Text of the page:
* That God will in mercy send abundant rains on His Covenant Land this year…a land which was meant from the beginning to, “drink water from the rain from heaven, a land for which the LORD God cares; the eyes of the LORD God are always on it, from the beginning of the year to the very end of the year” (Deuteronomy 11:11-12).
* That Israel will awaken to her need for water—and an awareness that her God is the source of that water—as He was for our Fathers in ancient times, when they drank from the spiritual rock which followed them around the desert…and that rock was Messiah! I Corinthians 10:4).
* That believers in the Land will ourselves take this need seriously, will humble ourselves, pray, seek His face and turn from evil ways—cry out to Him for this need, that He may hear from Heaven and heal our land.
2. NOTES FROM NORMA
This month marks my 29th year in Israel, my 29th year as a citizen! I am so honored to live here and to be part of the believing remnant of the Land! I am thankful for all the Lord has enabled me to be a part of: starting and expanding a nationwide youth ministry that still strongly exists today; helping to begin Succat Hallel, a 24/7 prayer and intercession ministry in Jerusalem; impacting hundreds of interns from many countries who have come through Succat Hallel since the year 2000. We have hosted people from around the world in our home and been able to see a bit of God’s desire for the nations. And now I have the privilege of helping to begin and facilitate an indigenous national women’s movement. I love this verse: “The lines have fallen to me in pleasant places. Yes, I have a good inheritance.” (Psalm 16:6)
It certainly has not all been easy! I arrived here in 1990 facing a possible war with Iraq and Saddam Hussein. I spent quite a few hours in a bomb shelter, wearing a gas mask as I heard scud missiles flying overhead. There has been loneliness. There have been struggles as a woman in leadership in a very male dominated country. I could only read Hebrew when I arrived and have had to learn to function in a second language although I am far from fluent even now. Praise God, He sent me Martin after I had lived here for six years!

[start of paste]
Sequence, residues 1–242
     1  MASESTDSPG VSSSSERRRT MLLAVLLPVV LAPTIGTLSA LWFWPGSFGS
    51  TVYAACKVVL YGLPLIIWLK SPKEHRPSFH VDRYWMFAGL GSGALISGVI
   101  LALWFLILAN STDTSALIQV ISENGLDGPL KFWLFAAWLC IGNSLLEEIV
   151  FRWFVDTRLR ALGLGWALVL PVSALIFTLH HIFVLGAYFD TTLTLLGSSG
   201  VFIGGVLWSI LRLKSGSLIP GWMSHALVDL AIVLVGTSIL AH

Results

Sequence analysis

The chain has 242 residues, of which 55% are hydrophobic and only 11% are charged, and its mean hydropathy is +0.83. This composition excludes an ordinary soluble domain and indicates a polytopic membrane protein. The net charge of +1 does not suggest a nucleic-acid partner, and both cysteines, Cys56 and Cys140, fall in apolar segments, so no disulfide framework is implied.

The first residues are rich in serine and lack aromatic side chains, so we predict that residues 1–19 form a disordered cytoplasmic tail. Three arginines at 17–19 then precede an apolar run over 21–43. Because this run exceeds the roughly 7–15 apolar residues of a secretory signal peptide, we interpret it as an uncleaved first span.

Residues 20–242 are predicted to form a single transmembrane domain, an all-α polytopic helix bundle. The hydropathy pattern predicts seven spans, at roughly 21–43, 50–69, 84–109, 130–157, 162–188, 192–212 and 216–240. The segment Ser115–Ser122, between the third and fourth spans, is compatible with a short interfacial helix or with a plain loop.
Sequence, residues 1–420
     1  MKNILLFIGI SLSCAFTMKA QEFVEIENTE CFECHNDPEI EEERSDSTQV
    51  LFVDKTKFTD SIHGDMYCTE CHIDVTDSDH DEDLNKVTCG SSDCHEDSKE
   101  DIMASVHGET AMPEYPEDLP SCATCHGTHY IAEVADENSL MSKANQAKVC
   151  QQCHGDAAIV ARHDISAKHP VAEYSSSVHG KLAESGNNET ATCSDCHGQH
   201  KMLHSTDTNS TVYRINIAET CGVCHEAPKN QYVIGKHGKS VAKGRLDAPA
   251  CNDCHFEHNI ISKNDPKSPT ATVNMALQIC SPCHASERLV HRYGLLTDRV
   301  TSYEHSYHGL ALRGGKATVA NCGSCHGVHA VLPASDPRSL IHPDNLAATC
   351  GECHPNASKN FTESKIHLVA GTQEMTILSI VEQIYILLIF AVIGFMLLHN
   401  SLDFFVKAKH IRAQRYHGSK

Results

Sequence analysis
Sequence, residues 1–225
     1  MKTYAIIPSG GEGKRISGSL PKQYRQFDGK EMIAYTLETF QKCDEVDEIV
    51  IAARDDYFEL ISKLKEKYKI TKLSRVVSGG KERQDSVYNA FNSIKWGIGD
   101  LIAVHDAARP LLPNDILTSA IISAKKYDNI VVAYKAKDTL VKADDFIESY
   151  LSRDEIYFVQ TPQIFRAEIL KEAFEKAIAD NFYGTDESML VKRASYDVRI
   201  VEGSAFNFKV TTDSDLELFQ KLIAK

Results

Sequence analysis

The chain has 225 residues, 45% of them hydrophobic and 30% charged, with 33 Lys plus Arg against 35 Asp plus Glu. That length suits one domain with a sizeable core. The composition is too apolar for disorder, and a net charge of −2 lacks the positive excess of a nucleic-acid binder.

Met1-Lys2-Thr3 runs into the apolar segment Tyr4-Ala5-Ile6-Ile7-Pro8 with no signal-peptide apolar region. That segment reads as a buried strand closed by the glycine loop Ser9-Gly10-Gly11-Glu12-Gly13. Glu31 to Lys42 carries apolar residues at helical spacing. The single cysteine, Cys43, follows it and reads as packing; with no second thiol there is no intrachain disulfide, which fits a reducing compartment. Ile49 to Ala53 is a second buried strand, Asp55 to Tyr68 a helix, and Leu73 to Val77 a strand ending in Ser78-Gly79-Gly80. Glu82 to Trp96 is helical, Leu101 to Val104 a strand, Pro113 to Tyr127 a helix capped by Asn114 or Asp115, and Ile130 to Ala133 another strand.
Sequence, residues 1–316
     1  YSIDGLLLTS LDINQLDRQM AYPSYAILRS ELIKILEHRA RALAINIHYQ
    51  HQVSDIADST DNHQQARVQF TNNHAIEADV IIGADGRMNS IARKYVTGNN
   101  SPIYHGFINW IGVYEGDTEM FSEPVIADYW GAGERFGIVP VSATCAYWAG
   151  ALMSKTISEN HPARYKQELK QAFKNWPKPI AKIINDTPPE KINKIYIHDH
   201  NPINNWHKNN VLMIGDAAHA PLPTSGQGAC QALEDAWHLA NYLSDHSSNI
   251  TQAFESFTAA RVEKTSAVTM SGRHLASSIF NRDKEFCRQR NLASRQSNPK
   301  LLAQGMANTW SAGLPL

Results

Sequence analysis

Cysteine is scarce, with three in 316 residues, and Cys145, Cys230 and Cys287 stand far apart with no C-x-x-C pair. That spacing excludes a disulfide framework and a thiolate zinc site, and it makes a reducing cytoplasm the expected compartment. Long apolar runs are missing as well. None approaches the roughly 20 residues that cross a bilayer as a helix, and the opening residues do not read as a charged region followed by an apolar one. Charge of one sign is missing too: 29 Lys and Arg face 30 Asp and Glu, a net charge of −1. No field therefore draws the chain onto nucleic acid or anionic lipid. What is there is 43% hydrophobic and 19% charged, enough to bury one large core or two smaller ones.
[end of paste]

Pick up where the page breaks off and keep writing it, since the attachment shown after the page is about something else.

I have seen so many changes in Israel since arriving. Here are a few:
*When I arrived, all believers in Yeshua here were called ‘Jews for Jesus’ by the media. Today that term is rarely used and we are clearly known as “Messianic Jews”.
*The Body in Israel has grown tremendously and there are now many more fellowships than there were in 1990.
*Today, there are many Believers in positions of leadership and respect in the military. When I first arrived, there was much persecution against Messianics in the IDF (Israel Defense Force). Of course, harassment for one’s faith can still exist, but there has been a shift. Believers make good soldiers. Today young believers entering the force are encouraged to make their commanders aware that they are Messianic right from the start!
*There are many, many new Hebrew worship songs being written each year, many by young Israelis.
*There is a Messianic school in Jerusalem
*There is a Messianic school for the arts for children and youth in Jerusalem.
*There are well-known believing lawyers, doctors, nurses and businessmen throughout Israel.
Many challenges still exist. It is not always easy for Messianic Jews to “make Aliyah” (emigrate to Israel). If it is discovered that they are believers, they are told that they are “no longer slaves” and their citizenship is denied. This unjust discrimination is especially acute when ultra-Orthodox parties are given control of the Ministry of the Interior, which is the case now.
The economy is difficult. The minimum wages is equivalent to $7.85/hour. Gasoline is approximately $8 a gallon. A dozen organic eggs is $4.96. A dozen regular eggs is $3.30. A liter of milk is $1.54 and a loaf of white bread is $1.84. The average monthly rent of a one bedroom apartment in a city center is $1000!
Men are in army reserves until they are 42 years old. Reserve duty can be from one week to one month each year.
And, as has been the case since Israel’s re-birth, there is the constant threat of war and terror.
In spite of these challenges, it is an honor to live here! It is a privilege to be able to walk and pray and stand with God’s promises for this nation and to believe for the salvation of Israel.
Thank you all for standing with this nation and with us as we live our days here!